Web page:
France will be hosting the 21st Session of the Conference of the Parties to the United Nations Framework Convention on Climate Change in Paris from November 30 to December 11. The climate change conference is expected to draw “50,000 participants” and “25,000 official delegates.” There were 196 stakeholder states who were involved in adopting The United Nations Framework Convention on Climate Change in 1994, according to the conference’s website. This policy is known as the “Rio Convention.”
The Vatican has released a statement, appealing to the leaders of nations attending the climate change conference “that we find a solution that is consensual, because of the scale and global nature of the climate’s impact,” report the Official Vatican Network.
“We call for an integral ecological approach, we call for social justice to be placed centre stage ‘so as to hear both the cry of the earth and the cry of the poor.’ “
The Vatican’s climate change appeal was reported to have been endorsed by bishops from around the world. The released statement points to scientific evidence behind the notion that “unrestrained” consumption by humans has lead to climate change as being “reliable.” The document calls for world leaders to put the “common good” ahead of “national interests.”
U.S. President Barack Obama appears to plan on attending the Paris climate change conference. Obama reports that he has received the backing of 81 companies toward taking action on climate change and entering into some type of an agreement in Paris, reports the CBC. Berkshire Hathaway and Johnson & Johnson are reported to be among the companies supporting the president.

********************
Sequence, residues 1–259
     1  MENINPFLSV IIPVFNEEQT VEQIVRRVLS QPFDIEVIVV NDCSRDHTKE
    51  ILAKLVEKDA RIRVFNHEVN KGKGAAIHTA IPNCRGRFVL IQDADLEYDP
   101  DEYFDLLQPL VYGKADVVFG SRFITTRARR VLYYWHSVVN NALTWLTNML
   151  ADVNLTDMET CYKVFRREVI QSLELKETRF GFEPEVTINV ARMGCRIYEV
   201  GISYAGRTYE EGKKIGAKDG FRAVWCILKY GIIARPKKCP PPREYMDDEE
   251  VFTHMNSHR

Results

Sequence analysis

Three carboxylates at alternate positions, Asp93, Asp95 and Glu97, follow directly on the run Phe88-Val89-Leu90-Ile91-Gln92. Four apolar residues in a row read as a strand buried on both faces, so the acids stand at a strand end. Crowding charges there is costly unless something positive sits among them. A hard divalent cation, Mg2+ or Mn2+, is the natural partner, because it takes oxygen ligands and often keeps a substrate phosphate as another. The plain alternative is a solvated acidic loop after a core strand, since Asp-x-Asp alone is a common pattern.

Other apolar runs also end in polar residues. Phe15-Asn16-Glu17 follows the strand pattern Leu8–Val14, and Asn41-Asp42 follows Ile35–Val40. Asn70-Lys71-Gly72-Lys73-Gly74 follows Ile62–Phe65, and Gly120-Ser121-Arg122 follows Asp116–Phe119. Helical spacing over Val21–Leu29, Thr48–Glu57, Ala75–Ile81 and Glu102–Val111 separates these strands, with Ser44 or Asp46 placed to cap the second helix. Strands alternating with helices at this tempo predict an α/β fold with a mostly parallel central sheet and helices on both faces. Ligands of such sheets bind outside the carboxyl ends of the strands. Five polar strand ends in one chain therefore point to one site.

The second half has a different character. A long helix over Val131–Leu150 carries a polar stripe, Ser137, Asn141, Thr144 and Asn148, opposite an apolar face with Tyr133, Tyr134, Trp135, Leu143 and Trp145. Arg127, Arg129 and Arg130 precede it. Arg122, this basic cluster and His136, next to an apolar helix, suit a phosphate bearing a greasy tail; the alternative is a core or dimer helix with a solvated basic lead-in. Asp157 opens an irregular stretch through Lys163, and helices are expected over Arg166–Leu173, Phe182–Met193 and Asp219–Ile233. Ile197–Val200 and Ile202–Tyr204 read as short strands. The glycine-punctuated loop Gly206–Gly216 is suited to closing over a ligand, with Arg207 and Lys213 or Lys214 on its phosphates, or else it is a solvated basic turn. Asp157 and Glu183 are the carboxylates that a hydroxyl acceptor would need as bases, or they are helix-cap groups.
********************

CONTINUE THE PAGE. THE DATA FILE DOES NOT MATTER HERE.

Obama has praised Wal-Mart, Google, Apple, and Costco for ecologically conscious moves, particularly through the use of solar energy initiatives. Intel has reportedly implemented water preservation measures. President Obama also discussed an initiative that would see a group of companies make $1.2 billion in investment capital available for companies who can “produce impactful and profitable solutions to climate change.”
Canadian Prime Minister-designate Justin Trudeau also appears to be planning to attend the climate change conference in Paris. He is said to have invited Canadian Green Party leader and MP, Elizabeth May, as well as Thomas Mulcair, the leader of the NDP, and Stephen Harper, another member of the Conservatives and the former Prime Minister, according to the Ottawa Citizen. Stephen Harper most likely won’t be going, as he has officially resigned as leader of the Conservative Party. A competitive race is on to take on the role as interim Canadian Conservative Party leader, reports the Huffington Post.
Elizabeth May is said to have accepted Trudeau’s invitation, according to the National Observer, though she was probably planning on attending anyways. According to reports, May was forced to join a delegation from Afghanistan at a U.N. climate change conference in Warsaw, because Stephen Harper wouldn’t allow any opposition party members to attend.
Both Elizabeth May and Justin Trudeau have called for more openness, transparency, and co-operation than what the Conservatives afforded the public under Stephen Harper. On the Paris climate change conference, May and Trudeau appear to be living up to their word.
— Green Party Canada (@CanadianGreens) October 24, 2015
The website for the U.N. climate change conference states that one of the overriding aims of the conference is to limit “global warming below 2°C.”
Laurent Fabius, French Foreign Affairs and International Development minister, states that the aim of the conference is to achieve a worldwide agreement to maintain a “healthy environment” for the planet. Fabius points to “appalling climate disruption” as spurring need for immediate action.
[Featured Pope Francis Photo by Buda Mendes / Getty Images — Barack Obama Photo by Spencer Platt / Getty Images — Justin Trudeau Photo by Chip Somodevilla / Getty Images]